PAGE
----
In Cartagena, this avid collector acquired the ultimate souvenir–a magic formula with life-altering properties.
Such a piece of ancient wisdom being revealed to me in a Colombian city associated with alchemy seemed especially apt. The key ingredient in this mystical recipe is actually an intuitive truth accessible to us all—sort of a secret hidden in plain sight. This brand of practical wizardry befits Cartagena, considered the birthplace of a literary style known as magical realism. And I had a rendezvous with a native who was willing to channel her knowledge to me.
Leaving our apartment on Calle del Campos Santos, just inside the massive fortified walls that enclose Cartegena’s ciudad amurallada or old city, my husband Tom and I were immediately enveloped by the thick, sticky humidity of the Caribbean coast. Accustomed to walking fast in a colder climate, the heavy air slowed our Yankee stride. It was a welcome change of pace, allowing us to absorb the everyday details of a city where the ordinary proved to be extraordinary.
Our accommodations were in Cartagena’s San Diego neighborhood, named for a convent that is now the Beaux Arts School Building. Nearing it, we heard the student orchestra tuning up, and as we walked by, the opening strains of Tchaikovsky’s Waltz of the Flowers from “The Nutcracker Suite” wafted through the immense open windows above us. Tom and I grinned at each other and I thought “Let the magic begin!”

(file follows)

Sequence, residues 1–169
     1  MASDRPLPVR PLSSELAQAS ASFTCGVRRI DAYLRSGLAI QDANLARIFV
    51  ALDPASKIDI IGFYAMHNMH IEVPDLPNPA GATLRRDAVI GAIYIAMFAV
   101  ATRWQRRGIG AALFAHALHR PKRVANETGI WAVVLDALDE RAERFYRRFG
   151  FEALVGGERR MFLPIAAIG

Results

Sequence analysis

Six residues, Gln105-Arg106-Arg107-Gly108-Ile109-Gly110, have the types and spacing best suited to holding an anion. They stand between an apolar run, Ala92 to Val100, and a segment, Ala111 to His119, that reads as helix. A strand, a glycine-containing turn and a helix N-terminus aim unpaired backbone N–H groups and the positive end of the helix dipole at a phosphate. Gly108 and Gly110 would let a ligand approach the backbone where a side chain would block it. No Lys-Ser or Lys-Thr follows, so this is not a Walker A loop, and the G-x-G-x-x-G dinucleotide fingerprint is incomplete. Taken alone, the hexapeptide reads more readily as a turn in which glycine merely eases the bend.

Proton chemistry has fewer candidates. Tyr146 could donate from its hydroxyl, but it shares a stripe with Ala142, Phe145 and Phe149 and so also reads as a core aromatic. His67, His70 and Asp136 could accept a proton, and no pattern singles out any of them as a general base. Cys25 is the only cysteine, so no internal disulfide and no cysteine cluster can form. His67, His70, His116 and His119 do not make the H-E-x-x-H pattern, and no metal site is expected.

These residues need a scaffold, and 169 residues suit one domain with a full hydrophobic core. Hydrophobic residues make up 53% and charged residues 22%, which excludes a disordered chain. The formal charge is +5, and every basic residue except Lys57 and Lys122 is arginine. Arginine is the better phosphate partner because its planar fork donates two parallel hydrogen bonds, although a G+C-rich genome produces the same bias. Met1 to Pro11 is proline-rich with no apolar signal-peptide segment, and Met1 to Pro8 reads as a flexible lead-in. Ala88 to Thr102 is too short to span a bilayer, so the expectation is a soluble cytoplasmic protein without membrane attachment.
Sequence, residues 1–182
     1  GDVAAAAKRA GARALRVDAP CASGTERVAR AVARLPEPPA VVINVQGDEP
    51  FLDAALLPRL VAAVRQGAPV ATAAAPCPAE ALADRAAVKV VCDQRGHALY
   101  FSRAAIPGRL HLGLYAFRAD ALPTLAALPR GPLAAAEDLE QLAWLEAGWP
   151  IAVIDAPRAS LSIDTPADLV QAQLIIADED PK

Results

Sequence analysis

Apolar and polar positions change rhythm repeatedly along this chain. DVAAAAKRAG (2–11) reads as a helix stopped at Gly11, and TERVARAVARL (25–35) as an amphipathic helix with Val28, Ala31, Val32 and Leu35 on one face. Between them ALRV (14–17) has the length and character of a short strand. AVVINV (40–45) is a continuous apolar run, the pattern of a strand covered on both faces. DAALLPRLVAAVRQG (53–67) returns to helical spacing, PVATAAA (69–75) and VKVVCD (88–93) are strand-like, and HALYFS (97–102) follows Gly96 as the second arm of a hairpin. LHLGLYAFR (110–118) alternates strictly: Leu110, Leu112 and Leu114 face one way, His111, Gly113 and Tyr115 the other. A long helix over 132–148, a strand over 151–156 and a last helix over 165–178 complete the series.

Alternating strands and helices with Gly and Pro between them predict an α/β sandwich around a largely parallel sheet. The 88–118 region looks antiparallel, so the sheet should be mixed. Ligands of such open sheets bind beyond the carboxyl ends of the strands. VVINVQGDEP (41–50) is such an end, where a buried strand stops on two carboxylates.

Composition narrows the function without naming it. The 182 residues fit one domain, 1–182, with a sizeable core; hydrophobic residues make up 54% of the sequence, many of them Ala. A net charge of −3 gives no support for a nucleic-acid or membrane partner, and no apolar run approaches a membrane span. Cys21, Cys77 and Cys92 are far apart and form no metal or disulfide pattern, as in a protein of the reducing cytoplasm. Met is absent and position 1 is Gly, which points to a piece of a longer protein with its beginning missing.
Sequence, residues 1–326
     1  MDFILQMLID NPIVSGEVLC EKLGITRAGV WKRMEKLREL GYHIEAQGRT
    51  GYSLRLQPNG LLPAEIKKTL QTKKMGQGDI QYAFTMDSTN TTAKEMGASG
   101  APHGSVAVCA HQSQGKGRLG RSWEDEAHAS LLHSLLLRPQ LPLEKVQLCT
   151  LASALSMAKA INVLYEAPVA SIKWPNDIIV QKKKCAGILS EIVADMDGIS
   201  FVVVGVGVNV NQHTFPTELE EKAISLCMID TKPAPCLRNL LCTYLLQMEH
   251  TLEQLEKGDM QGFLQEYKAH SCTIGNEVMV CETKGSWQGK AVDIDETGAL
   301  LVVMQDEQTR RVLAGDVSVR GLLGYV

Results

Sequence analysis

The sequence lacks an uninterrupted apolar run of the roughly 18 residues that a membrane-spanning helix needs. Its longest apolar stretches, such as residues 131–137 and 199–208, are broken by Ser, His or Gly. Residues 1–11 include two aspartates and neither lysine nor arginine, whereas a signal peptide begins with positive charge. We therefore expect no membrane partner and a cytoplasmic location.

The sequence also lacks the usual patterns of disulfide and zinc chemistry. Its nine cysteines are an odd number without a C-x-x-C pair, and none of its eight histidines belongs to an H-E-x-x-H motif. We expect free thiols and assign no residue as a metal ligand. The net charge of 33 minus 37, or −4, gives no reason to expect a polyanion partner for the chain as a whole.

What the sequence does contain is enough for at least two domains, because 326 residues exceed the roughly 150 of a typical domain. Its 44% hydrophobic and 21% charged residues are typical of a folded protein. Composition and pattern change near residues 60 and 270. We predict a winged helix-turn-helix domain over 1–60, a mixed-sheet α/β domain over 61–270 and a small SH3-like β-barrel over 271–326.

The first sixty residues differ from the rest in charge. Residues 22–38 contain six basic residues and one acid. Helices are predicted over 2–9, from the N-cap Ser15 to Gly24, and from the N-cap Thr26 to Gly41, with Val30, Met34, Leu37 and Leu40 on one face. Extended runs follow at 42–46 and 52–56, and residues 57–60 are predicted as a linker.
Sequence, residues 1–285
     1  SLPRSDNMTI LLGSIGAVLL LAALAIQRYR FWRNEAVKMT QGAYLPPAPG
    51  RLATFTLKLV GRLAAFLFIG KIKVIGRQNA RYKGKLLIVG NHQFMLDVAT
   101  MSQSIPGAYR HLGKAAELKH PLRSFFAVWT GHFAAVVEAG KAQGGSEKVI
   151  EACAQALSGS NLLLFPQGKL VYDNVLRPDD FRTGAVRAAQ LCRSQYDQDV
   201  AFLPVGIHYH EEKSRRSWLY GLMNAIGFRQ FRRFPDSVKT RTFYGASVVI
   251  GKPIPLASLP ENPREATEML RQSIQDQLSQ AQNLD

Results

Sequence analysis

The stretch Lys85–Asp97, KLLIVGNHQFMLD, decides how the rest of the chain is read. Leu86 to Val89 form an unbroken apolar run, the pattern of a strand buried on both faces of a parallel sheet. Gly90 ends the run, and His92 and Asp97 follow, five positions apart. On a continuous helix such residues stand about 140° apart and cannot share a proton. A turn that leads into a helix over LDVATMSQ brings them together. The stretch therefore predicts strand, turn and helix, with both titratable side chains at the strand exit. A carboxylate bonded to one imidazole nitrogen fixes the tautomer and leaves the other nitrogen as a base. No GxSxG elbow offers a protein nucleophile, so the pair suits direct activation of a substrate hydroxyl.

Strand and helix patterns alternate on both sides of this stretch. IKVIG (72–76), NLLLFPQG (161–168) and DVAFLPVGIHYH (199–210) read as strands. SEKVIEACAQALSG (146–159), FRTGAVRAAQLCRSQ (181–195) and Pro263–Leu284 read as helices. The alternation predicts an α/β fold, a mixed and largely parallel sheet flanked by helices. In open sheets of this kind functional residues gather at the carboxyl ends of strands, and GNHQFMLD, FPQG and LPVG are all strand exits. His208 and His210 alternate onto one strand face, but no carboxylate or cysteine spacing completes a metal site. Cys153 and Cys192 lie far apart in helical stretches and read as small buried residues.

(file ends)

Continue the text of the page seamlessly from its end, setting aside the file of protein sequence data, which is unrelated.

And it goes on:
Nestled on the perimeter of San Diego Plaza is the Sofitel Santa Clara, a former 17th convent. Tom and I had a late lunch looking out at a courtyard where middle-aged clientele lounged around a pool; a toucan made the rounds, alighting on each deck chair to personally greet each guest. While the Santa Clara’s colonial architecture landed it on UNESCO’s list of World Heritage Sites, many Gabriel Garcia Marquez fans know the convent as the setting for one of his novels, “Of Love and Other Demons.” n the book, a rabid dog bites the ankle of 12-year-old Sierva María, whose father sends her to a Santa Clara cell to be exorcised. The priest entrusted to save her soul falls in love with her, and a tale of intrigue, passion and religion ensues. Garcia Marquez credits the book’s inspiration to his stint as a cub reporter in Cartagena in 1949–in reporting on the excavation of the convent’s crypts, he witnesses the opening of a tomb in which the skeleton is wrapped in long copper tresses of living hair.
Continuing our exploration, we turned down Calle del Santisimo, a narrow crooked street lined with buildings painted in tropical colors, the peeling patina of their walls revealing smudges of past lives. Spilling street-ward from the structures’ second story balconies were luxuriant swaths of bougainvillea, dropping soft petals on the pavement and adding texture and an aromatic scent to the scene’s rich palette. The buildings’ facades featured massive wooden doors embellished with brass knockers in the shapes of slithering salamanders, open-mouthed fish and roaring lions.
In Plaza Santa Domingo, black women with wide smiles sold fruits I didn’t even know existed–bitter tree tomatoes, sweet green feijoas, tangy orange lulos, juicy white soursops, the deep purple mangostino. Known as palenqueras after their native town of Palenque, these entrepreneurs wear costumes even more colorful than their wares, which they transport in big bowls balanced on their heads.